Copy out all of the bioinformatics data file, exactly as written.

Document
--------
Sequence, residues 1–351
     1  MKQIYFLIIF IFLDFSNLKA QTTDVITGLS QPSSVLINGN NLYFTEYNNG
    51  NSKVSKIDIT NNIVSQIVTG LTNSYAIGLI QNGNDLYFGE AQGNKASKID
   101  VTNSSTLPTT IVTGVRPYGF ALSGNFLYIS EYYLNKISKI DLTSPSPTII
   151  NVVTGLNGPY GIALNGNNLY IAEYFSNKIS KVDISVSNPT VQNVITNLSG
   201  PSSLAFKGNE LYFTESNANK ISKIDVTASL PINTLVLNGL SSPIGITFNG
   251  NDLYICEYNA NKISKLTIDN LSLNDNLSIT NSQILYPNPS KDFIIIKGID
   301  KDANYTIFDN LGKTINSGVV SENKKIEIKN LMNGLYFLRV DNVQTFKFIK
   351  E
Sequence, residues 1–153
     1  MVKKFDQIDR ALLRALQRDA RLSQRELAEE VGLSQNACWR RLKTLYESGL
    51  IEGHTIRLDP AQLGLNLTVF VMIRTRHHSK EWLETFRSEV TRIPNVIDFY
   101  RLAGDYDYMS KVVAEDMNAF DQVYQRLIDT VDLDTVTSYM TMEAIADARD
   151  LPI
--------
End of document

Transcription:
Sequence, residues 1–351
     1  MKQIYFLIIF IFLDFSNLKA QTTDVITGLS QPSSVLINGN NLYFTEYNNG
    51  NSKVSKIDIT NNIVSQIVTG LTNSYAIGLI QNGNDLYFGE AQGNKASKID
   101  VTNSSTLPTT IVTGVRPYGF ALSGNFLYIS EYYLNKISKI DLTSPSPTII
   151  NVVTGLNGPY GIALNGNNLY IAEYFSNKIS KVDISVSNPT VQNVITNLSG
   201  PSSLAFKGNE LYFTESNANK ISKIDVTASL PINTLVLNGL SSPIGITFNG
   251  NDLYICEYNA NKISKLTIDN LSLNDNLSIT NSQILYPNPS KDFIIIKGID
   301  KDANYTIFDN LGKTINSGVV SENKKIEIKN LMNGLYFLRV DNVQTFKFIK
   351  E
Sequence, residues 1–153
     1  MVKKFDQIDR ALLRALQRDA RLSQRELAEE VGLSQNACWR RLKTLYESGL
    51  IEGHTIRLDP AQLGLNLTVF VMIRTRHHSK EWLETFRSEV TRIPNVIDFY
   101  RLAGDYDYMS KVVAEDMNAF DQVYQRLIDT VDLDTVTSYM TMEAIADARD
   151  LPI